sidewalk sale at 130 Watts Street comps very, very strongly to Peak loft sale
is street access a plus or minus?
You see some fancy-schmancy Tribeca loft conversions that include a “townhouse” component, one or more (usually more) duplex or triplex units with direct access from the sidewalk, often in addition to direct access from a full-service condo lobby. (E.g., Tribeca Summit at 415 Greenwich Street, the Fairchild at 55 Vestry Street, [a little farther afield] Soho Mews at 311 West Broadway, and [much farther afield] Superior Ink at 400 West 12 Street.) These are high-end or very high-end full-service condo conversions.
The ground floor “1,439 sq ft” Manhattan loft #1S at 130 Watts Street that sold on January 30 for $1.375mm is not one of those; instead, it is an old school loft in an old school no-amenities loft building that happens to have an entrance from the building lobby and a separate entrance directly from the sidewalk.
The ceiling is only 12 feet, but they manage to squeeze a lofted area above the (single) bedroom in the classically Long-and-Narrow footprint that benefits from 9-foot windows on one narrow and one long side. There are no dimensions in the floor plan (boo!) but the footprint has few uninterrupted walls; in that sense, the windows and the dual entrances make the space a little less flexible than it might be.
It is hard to know how unusual layouts will play in The Market; I know more than a few buyers who wanted no part of a ground floor loft — especially one with a doorway directly to the sidewalk. (YMMV) Obviously, the mileage of these buyers did vary, as they paid $955/ft for space that was marketed with absolutely no bragging about its condition.
But what really intrigues me about this sale is that it compares very well to the other ground floor loft in the building, achieved in rather different market conditions.
head scratching ensues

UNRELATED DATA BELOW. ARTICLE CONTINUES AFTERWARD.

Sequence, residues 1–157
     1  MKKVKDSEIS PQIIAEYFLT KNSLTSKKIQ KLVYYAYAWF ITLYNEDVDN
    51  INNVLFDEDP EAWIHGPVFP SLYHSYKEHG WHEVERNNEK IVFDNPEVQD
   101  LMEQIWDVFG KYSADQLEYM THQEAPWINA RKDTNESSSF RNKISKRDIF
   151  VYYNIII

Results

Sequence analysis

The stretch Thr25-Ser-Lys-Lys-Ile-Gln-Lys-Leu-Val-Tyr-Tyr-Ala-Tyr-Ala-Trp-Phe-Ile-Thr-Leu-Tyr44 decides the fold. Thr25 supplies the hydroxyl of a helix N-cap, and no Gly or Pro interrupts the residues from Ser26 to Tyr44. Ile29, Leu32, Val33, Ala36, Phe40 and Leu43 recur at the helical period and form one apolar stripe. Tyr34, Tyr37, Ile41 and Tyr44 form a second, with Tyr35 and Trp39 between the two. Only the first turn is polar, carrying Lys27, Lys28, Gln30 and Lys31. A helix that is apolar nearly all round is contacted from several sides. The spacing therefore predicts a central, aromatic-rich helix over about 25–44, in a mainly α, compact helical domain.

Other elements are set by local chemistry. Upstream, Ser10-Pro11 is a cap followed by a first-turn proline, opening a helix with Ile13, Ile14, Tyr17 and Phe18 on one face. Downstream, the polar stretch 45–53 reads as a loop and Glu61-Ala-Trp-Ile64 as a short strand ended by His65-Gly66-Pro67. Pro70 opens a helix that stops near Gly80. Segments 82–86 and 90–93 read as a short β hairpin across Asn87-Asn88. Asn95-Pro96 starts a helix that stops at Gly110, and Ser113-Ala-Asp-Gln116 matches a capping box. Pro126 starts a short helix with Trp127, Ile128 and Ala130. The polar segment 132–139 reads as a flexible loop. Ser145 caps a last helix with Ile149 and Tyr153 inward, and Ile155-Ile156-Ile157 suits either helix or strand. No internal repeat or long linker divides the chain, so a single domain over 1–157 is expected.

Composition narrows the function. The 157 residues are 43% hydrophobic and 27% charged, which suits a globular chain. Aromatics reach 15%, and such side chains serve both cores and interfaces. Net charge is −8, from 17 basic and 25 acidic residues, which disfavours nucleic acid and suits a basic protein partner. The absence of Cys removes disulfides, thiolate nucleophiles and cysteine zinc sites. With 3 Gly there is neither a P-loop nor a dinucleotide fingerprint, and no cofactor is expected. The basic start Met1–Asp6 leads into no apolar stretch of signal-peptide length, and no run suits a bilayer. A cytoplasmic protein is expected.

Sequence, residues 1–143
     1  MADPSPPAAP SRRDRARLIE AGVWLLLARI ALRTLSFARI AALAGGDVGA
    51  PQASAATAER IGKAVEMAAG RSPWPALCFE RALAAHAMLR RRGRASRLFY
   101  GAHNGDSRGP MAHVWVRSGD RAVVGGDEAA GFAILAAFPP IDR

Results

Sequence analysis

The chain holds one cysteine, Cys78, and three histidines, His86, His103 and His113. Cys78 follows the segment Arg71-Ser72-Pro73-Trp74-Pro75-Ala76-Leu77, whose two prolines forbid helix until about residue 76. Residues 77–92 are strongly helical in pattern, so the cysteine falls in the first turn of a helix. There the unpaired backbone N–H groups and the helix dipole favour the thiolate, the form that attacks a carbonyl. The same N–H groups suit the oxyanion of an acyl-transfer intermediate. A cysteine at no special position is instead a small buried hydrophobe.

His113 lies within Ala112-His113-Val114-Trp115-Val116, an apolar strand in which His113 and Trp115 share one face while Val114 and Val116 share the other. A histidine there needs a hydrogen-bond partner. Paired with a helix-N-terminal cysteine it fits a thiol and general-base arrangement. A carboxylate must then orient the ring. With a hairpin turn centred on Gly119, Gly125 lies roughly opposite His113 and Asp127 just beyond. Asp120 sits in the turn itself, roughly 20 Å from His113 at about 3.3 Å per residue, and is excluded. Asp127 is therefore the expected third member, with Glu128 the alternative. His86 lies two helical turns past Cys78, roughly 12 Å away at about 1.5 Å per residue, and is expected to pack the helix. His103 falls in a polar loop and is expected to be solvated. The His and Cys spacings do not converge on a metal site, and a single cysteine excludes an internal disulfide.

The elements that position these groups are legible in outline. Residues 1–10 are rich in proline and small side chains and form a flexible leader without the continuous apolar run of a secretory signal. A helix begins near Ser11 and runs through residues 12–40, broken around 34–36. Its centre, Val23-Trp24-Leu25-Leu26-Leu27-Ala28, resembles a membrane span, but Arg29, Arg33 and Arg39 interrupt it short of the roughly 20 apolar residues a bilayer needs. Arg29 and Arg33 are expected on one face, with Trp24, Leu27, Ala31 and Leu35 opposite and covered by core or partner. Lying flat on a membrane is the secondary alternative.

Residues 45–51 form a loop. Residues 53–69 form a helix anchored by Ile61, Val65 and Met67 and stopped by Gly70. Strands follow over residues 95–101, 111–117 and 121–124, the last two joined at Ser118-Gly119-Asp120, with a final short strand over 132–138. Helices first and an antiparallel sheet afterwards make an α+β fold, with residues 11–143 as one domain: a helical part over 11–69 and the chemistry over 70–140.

The “1,998 sq ft” Manhattan loft next door at #1N at 130 Watts Street is not quite a perfect comp for loft #1S, but it is close: it is bigger, with less light (fewer windows, skylights rather than windows in back), but in much better condition ( “stunning … a great renovated loft space. …well appointed chefs kitchen with cooks island & abundant cabinets in great condition… 2nd newly renovated bathroom”), it also has lobby and sidewalk dual entrances. (The floor plan is available on the old Corcoran listing, here, as are more and better interior photos, here.) Trading off the more flexible floor plan in #1N plus the much better condition for the light in #1S, I’d expect #1N to trade higher under similar market conditions; wouldn’t you?
If I told you that #1N traded at The Peak (contract date January 25, 2008, closing March 10, 2008) you’d expect that #1N traded well above #1S 2 weeks ago, except that you’d suspect you were being set up by this oh-so-long introduction. Busted! If you peaked at the listing history you already know that #1N sold for $1,887,500 while everything around it (and in the rest of the overall residential real estate market in Manhattan) was trading at all-time high values. That is only $945/ft … a hair lower than the dollar-per-foot price for #1S 2 weeks ago.
Did I mention that comping is hard?
© Sandy Mattingly 2012